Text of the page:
22 × 15 × 1 in
4 in stock
Spectres of Liberty was an art collective comprised of Dara Creenwald, Josh MacPhee, and Olivia Robinson. These prints are the product of one of their projects, the Open City Workshop, a multimedia educational space created within a storefront in downtown Syracuse, New York between May 18th and June 5th, 2010.
Inspired by Syracuse’s abolitionist history, specifically the words of the Syracuse-based, 19th century abolitionist Reverend Jermain Loguen, Spectres of Liberty ran a series of events, workshops, and discussions focused around Loguen’s idea of Syracuse being an “open city.” In the mid-19th century, Syracuse was central to the anti-slavery movement in the United States and was nicknamed the “Great Central Depot” because its residents, and those of the surrounding region, helped thousands of individuals escape slavery. Rev. Jermaine Loguen called Syracuse an “open city” because he and fellow abolitionists openly provided sanctuary to freedom-seekers, even though to do so was against federal law. Rev. Jermaine Loguen was a powerful writer and orator about abolition and was contemporaries with Frederick Douglas. He opened schools for students in the Black community in Upstate New York, including Utica and Syracuse. He was a minister in Bath, Ithaca and Troy, NY. Rev. Loguen was also involved in what is widely known as the Jerry Rescue, in which a large group of abolitionists worked together to free William Henry, who was detained under the Fugitive Slave Act.
Spectres of Liberty Open City Workshop project created a space in which to discuss what this idea might mean in today’s cities. This was held in a downtown storefront, was open to the public for three weeks of discussions, workshops, and brainstorming with local community groups and social justice organizations. A key component of the Workshop was a tabletop letterpress proofing press and trays of wood-block type, harkening back to the 19th century. This was used to set type and print phrases from historic texts by Jermain Loguen as well as phrases spoken by panelists during the public discussions at the workshop in 2010, where discussions involving immigrant rights and queer resistance were taking place. The phrases from Rev. Loguen were displayed side-by-side with quotes regarding contemporary struggles in the Open City Workshop. Viewed side-by-side, it wasn’t clear which era the quotes were from, which created interesting and overlapping reverberations across both time and communities. The anti-slavery quotes resonated with contemporary struggles while panelists spoke phrases that felt like they are straight out of resistance to the Fugitive Slave Act.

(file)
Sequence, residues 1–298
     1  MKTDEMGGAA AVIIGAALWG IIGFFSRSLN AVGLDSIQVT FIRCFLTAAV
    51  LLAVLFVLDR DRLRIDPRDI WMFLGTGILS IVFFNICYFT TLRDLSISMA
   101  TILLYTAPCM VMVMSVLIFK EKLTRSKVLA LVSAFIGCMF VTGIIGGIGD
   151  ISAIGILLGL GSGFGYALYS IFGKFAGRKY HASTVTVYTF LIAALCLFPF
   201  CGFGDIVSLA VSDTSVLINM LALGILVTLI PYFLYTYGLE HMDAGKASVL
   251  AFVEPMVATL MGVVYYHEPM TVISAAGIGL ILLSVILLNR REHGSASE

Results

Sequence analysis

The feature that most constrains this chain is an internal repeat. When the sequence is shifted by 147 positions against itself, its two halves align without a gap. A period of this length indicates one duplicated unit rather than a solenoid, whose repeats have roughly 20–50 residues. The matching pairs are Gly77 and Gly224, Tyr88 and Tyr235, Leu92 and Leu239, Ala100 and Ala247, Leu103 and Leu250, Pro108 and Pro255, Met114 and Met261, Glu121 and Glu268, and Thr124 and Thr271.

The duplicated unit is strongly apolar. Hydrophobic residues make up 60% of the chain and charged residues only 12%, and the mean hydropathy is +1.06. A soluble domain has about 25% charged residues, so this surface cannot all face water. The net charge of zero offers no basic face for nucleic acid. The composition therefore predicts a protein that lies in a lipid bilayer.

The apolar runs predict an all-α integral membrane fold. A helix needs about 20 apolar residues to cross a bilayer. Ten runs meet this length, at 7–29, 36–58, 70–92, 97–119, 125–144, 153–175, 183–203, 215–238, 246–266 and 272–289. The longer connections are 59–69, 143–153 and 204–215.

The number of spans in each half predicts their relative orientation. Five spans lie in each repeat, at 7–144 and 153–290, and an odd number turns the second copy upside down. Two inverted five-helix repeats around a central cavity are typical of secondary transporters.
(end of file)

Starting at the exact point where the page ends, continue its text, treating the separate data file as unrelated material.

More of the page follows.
The pieces in this box set are a staging ground for dynamic conversations with students of today, weaving a thread from this country’s dark history of oppression and abolitionist resistance, deftly connecting that to current struggles and resistance. To see oneself in these quotes is to connect and learn from resistance struggles within American history.
The Open City Workshop was created in collaboration with artist Joanna Spitzner. The letterpress was borrowed from the Syracuse University printmaking department. The paper used during the project was produced by the Syracuse University Paper and Bioprocess Engineering Department, which produces paper from tree to the finished page. Additional partners for this project included the Community Folk Art Center, The Matilda Joslyn Cage Home and the Art School in the Art School, all located in Syracuse, New York.
This portfolio includes 18 prints from the Open City Workshop, a colophon and a page of documentation of the workshop.